The changes to rules around participation in sport were announced by the President of the UAE General Authority for Youth and Sports Welfare Major-General Mohammad Khalfan Al Rumaithi.
The change is not expected to substantially affect sports where foreign participation has driven local competition – such as rugby, cricket and ice hockey.
But it is in popular local sports such as basketball, volleyball, handball and football – the national sport – where it is likely to have an impact.
The move to integrate competition was quickly welcomed by the UAE Football Association.
“Adoption and implementation of these regulations will draw up a new policy in the UAE sports system,” said UAE Football Association President Marwan Bin Galita. “Clubs have to think seriously about making use of (foreign players) in local and foreign engagements.”
The Football Association has taken steps to ensure foreign residents are able to participate in competition alongside Emiratis. Foreigners involved in the sport believe it’s a good result.
“I think it’s fantastic for football,” said local football coach and trainer Chris Brown.
“There’s an abundance of talent here that’s not been able to play at a standard that continues their development.”
In Real Estate, moves to allow more foreign investment have been welcomed by property developers.
The Emirate of Sharjah has relaxed the visa requirements on property investment in Tilal City.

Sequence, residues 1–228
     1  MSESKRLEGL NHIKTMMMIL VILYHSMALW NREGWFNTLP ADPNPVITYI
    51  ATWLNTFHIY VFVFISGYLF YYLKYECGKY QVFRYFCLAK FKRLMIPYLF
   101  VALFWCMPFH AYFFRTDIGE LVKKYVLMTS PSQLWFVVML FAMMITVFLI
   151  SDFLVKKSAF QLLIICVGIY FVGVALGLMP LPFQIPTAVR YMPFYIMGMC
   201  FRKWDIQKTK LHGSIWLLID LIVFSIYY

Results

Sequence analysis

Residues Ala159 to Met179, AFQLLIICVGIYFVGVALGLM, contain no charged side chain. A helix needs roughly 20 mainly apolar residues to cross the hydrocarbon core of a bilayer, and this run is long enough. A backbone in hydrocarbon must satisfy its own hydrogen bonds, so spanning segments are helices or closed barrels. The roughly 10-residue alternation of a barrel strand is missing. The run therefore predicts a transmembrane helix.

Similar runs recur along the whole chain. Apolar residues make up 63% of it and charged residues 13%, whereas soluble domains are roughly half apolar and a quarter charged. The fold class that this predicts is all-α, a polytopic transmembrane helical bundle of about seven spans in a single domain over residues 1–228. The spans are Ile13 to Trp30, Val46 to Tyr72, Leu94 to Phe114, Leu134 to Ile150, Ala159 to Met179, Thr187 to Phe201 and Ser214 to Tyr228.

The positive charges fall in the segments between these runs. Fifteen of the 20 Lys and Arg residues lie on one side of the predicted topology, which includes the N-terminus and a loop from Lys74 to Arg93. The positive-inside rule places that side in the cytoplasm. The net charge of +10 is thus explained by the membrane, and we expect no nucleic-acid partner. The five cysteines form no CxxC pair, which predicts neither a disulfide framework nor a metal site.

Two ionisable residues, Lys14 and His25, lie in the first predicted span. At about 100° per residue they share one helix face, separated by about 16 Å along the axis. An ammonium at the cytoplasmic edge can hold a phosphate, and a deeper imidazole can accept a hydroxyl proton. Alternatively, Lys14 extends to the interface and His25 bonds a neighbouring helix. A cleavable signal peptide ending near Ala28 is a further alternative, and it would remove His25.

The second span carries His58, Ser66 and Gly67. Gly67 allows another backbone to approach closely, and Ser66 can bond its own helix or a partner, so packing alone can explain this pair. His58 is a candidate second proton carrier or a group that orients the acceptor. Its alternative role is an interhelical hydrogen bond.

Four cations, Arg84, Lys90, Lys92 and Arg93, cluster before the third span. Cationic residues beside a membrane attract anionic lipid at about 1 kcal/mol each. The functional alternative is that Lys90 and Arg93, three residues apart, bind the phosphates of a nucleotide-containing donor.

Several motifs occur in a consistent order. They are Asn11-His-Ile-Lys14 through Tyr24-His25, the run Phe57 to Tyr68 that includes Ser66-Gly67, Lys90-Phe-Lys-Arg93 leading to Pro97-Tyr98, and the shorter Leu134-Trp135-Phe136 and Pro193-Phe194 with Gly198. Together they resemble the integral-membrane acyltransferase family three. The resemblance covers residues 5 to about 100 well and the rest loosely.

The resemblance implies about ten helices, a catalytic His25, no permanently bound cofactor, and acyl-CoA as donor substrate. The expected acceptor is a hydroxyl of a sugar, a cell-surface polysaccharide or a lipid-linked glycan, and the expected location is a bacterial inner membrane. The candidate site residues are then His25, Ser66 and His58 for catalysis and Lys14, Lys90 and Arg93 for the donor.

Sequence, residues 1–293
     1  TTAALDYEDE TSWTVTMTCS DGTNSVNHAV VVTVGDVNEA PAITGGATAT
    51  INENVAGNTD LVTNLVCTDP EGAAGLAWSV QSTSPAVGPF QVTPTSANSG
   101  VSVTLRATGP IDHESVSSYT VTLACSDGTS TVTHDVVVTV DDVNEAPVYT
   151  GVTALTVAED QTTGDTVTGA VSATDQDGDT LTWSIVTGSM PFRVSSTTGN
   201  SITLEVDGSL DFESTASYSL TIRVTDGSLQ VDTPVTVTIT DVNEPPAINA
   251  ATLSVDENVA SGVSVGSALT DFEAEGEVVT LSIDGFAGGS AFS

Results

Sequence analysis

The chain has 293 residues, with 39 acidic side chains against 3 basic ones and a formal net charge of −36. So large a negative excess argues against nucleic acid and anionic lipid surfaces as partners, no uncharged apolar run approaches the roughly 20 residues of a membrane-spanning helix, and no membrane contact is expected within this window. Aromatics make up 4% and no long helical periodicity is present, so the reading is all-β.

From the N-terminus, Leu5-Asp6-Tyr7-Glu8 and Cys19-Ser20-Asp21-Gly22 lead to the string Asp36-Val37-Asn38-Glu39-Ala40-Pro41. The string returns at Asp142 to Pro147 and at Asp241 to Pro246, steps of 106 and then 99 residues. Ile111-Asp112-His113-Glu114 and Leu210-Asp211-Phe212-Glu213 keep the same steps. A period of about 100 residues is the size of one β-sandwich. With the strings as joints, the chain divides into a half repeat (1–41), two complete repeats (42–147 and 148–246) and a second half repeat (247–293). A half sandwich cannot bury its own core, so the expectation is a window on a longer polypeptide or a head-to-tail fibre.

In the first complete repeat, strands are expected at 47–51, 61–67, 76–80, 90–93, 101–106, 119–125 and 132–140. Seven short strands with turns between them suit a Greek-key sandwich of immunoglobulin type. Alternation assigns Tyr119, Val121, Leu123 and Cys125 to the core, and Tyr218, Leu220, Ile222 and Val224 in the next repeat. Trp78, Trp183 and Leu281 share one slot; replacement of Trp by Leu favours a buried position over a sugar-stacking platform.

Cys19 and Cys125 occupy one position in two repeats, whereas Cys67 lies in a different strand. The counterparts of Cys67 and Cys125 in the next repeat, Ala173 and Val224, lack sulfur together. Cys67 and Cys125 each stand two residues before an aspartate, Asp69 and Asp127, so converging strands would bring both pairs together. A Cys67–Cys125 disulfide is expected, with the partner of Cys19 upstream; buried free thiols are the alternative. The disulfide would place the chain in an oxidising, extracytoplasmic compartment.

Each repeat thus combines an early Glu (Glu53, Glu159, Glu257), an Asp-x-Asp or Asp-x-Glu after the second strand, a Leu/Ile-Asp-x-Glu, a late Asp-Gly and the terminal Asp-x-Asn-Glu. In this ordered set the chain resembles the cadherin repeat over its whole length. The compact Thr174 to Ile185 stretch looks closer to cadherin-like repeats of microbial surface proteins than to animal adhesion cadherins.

It means non-Arabs will no longer need a UAE residency visa to be able to purchase property in the Emirate.
“This is a good opportunity for a lot of companies looking for a good and secure return,” said Khalifa Al Shaibai, the director-general of Tilal Properties.
It builds on a 2014 initiative that allowed foreigners to purchase property in Sharjah if they held a residency permit.
Foreign purchasers are able to buy properties on a 100-year renewable lease, while property for Arab buyers is on a freehold basis.
Also in Sharjah, the first English-language radio station has launched – aiming to serve both the foreign market, but also people from the UAE with an interest in the language.
“Our goal is to be a totally inclusive, feel-good station, bringing the listeners positive, upbeat stories of real people,” said Mohammad Yanez, the head of the station to be known as Pulse 95.
Sharjah Media Council chairman Shaikh Sultan Bin Ahmad Al Qasimi said the launch of the station was an exciting new venture for the Sharjah Media Corporation.
“We have seen a real need to fill the gap in English language output,” he said. “Particularly when so many of the emirate’s residents use English in their day-to-day lives and increasingly conduct language in English.”
The station will provide a Top-40 music format in an acoustic format.